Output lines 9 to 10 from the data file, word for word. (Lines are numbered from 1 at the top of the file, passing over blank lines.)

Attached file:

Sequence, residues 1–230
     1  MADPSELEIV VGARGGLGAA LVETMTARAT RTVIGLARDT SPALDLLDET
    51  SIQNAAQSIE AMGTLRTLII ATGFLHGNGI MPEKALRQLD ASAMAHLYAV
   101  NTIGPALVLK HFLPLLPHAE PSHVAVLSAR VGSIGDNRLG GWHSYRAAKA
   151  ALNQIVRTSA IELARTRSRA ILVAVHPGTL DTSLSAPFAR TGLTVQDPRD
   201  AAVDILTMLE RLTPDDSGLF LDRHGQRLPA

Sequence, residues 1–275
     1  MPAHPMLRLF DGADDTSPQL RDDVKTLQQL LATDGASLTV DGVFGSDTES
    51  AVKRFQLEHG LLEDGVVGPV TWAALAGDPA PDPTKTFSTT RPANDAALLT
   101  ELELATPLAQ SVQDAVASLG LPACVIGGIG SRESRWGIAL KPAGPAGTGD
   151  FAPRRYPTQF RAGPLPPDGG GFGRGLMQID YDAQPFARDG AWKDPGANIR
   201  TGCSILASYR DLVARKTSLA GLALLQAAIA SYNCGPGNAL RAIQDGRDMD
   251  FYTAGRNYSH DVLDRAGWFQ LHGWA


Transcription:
    51  AVKRFQLEHG LLEDGVVGPV TWAALAGDPA PDPTKTFSTT RPANDAALLT
   101  ELELATPLAQ SVQDAVASLG LPACVIGGIG SRESRWGIAL KPAGPAGTGD